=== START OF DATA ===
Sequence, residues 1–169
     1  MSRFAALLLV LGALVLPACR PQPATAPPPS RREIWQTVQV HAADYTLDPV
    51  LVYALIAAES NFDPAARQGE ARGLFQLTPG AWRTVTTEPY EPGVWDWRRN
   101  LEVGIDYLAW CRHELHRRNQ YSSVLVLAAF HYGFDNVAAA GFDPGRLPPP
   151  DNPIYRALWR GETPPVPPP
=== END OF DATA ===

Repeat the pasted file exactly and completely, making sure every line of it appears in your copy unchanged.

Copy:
Sequence, residues 1–169
     1  MSRFAALLLV LGALVLPACR PQPATAPPPS RREIWQTVQV HAADYTLDPV
    51  LVYALIAAES NFDPAARQGE ARGLFQLTPG AWRTVTTEPY EPGVWDWRRN
   101  LEVGIDYLAW CRHELHRRNQ YSSVLVLAAF HYGFDNVAAA GFDPGRLPPP
   151  DNPIYRALWR GETPPVPPP